However he said British investors should be “very careful, wary and conscious of who your partners are” when entering the Myanmar market “with enhanced due diligence”, particularly in light of the UN Fact-finding Mission’s report published in early August.

The report sought to detail how the military has used its own businesses, foreign companies and arms deals to “support brutal operations against ethnic groups that constitute serious crimes under international law, bypassing civilian oversight and evading accountability.” It urged foreign investors to sever ties with Myanmar’s military and its web of companies. The Myanmar government rejected the findings.

A separate UN Fact-Finding Mission report released a year ago favoured sanctions targeted at officials and military officers responsible for rights violations in Myanmar but opposed general economic sanctions out of concern that “such sanctions in the past may have contributed to the impoverishment of the Myanmar people generally while having little impact on those most responsible for serious human rights violations”.

The UK’s decision on keeping trade privileges is likely to be welcomed by human rights group and businesses, who have warned the EU that stripping Myanmar of GSP would endanger hundreds of thousands of jobs – mostly held by young women – while leaving the country’s military leaders unscathed.

Six European business chambers in Yangon told Brussels that removal of tariff-free access “will undoubtedly have a detrimental impact on the most vulnerable people in Myanmar while also closing the door to the spread of European standards with regard to responsible business.”

Military interests are not entrenched in the garment industry, lobbyists and pressure groups argue.

“Military companies have had very little involvement in the garment sector since they realised after their early forays in the early 90s with the Daewoo JV [joint venture] making shirts that it’s hard work and low margins compared to beer and cigarettes,” commented Vicky Bowman, director of Myanmar Centre for Responsible Business.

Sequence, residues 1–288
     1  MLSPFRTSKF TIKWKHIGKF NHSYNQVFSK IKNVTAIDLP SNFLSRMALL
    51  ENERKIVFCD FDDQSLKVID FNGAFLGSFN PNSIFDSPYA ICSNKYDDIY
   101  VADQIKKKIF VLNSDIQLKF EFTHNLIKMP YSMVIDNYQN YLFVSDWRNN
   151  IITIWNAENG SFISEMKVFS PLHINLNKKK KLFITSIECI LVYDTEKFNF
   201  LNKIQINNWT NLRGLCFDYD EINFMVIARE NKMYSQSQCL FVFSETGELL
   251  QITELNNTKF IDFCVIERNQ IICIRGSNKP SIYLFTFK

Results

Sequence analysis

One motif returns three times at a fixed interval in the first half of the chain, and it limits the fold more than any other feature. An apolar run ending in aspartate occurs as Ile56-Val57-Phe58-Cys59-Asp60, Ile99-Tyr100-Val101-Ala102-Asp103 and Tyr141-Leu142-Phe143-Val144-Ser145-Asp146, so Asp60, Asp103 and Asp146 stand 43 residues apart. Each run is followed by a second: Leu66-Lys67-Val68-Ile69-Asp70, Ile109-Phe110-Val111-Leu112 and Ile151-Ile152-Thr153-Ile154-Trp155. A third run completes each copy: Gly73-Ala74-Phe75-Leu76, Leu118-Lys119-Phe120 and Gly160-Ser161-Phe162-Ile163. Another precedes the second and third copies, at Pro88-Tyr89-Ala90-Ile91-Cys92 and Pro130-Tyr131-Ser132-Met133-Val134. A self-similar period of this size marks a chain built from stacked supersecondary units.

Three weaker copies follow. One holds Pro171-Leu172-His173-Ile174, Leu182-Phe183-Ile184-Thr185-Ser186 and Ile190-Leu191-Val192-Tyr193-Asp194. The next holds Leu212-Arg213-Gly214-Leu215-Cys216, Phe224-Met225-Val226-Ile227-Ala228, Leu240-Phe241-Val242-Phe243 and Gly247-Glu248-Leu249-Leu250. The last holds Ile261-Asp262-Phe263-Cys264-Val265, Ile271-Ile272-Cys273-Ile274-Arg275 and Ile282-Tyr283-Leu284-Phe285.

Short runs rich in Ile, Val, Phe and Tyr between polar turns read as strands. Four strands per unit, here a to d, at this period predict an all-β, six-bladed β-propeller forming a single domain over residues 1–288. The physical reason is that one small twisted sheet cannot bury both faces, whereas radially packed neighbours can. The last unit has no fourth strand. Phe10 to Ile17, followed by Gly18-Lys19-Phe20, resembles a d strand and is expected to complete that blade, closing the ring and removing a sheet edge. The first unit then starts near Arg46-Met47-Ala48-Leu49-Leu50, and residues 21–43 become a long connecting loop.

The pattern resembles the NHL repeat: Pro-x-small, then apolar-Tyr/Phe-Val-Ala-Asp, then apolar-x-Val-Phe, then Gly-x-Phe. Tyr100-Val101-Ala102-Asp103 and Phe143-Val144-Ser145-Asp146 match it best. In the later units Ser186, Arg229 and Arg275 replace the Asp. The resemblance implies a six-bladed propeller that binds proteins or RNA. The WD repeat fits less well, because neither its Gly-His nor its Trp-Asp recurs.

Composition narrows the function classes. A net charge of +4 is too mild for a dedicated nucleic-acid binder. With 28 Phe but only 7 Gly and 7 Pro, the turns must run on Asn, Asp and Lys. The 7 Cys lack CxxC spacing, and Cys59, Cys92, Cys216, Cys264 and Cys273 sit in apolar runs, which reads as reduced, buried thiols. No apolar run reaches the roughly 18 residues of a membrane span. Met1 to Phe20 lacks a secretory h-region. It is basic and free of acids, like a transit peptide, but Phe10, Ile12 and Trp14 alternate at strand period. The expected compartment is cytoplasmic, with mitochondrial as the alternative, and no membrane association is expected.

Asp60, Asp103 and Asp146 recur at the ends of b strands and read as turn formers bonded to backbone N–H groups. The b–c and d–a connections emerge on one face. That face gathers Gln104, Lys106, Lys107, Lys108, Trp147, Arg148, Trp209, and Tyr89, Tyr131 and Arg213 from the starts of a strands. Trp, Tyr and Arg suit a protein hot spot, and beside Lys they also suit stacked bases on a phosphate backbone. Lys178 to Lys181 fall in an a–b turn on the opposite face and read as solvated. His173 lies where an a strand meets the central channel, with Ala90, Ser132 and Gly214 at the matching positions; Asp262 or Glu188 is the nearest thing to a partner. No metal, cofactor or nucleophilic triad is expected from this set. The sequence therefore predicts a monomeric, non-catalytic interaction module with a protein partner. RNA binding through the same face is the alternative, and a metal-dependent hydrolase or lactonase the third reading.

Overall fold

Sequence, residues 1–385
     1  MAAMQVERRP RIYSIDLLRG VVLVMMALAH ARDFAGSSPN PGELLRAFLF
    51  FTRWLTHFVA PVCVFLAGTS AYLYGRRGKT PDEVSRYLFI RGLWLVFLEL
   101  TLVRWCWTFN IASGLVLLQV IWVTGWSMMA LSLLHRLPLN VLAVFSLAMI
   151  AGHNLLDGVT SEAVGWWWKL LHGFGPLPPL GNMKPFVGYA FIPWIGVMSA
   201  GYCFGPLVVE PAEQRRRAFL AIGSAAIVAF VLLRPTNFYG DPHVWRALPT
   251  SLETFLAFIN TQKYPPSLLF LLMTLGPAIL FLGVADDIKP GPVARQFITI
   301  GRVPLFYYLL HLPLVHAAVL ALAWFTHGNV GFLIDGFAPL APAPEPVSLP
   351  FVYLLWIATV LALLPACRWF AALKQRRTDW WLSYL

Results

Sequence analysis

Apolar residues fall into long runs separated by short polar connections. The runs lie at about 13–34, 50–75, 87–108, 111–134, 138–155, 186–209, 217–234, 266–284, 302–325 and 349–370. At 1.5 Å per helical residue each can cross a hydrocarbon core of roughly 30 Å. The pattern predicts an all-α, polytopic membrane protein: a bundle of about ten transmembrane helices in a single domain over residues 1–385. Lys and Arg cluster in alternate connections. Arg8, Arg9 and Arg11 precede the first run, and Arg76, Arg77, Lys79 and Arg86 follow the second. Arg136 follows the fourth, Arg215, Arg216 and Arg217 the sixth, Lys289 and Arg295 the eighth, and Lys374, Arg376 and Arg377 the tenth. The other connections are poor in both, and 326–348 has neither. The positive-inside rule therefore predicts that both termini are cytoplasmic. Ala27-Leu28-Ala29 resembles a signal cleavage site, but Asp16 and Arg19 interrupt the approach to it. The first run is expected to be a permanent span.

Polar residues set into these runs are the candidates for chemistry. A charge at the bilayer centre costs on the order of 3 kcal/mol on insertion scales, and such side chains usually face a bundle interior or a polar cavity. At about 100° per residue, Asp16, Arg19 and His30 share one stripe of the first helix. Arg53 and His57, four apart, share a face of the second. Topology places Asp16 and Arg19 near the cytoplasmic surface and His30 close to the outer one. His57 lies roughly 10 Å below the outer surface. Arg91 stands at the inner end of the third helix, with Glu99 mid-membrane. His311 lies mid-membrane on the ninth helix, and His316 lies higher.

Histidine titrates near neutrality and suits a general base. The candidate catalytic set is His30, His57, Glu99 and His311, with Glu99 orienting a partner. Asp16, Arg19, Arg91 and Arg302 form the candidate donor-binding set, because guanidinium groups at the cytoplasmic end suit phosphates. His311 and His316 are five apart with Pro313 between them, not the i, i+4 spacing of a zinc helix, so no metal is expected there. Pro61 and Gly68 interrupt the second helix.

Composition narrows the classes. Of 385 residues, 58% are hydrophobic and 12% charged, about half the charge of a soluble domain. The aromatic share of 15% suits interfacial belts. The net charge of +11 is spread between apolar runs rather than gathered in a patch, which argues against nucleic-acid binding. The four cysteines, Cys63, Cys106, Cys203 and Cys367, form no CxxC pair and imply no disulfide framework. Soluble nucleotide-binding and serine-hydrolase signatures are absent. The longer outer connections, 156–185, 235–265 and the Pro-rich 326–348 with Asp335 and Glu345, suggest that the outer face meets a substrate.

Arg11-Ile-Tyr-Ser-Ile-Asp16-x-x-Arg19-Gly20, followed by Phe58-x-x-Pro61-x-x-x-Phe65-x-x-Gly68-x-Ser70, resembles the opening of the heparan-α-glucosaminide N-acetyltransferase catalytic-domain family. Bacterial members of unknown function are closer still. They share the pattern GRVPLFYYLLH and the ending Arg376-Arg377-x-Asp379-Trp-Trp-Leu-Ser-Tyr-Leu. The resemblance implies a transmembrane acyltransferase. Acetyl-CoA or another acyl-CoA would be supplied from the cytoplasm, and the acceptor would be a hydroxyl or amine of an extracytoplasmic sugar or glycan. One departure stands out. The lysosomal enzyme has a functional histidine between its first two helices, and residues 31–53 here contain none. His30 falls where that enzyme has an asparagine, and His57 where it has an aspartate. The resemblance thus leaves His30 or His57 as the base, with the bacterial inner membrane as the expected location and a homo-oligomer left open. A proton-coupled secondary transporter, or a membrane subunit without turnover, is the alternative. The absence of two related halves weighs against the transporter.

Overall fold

The latest UN mission report identifies three industrial zones managed by military-owned conglomerates Union of Myanmar Economic Holdings and Myanmar Economic Corporation.

“This has prompted certain garment brands to dig deeper into the precise ownership and management arrangements and ‘follow the money’, and frankly this is something that they all should have covered in initial due diligence,” Ms Bowman explained.

Human rights organisation Burma Campaign UK director Mark Farmaner called the UK’s decision “very good news for garment and factory workers.”

“The EU approach of threatening to remove EBA, which will mainly impact garment workers, while at the same time refusing to sanction military companies, makes no sense whatsoever.”

Myanmar’s trade preferences would depend on implementation of the Kofi Annan-led Advisory Commission on Rakhine and humanitarian access and situation of IDPs across the country, among other issues, the EU spokesperson said in March.

Source: Myanmar Times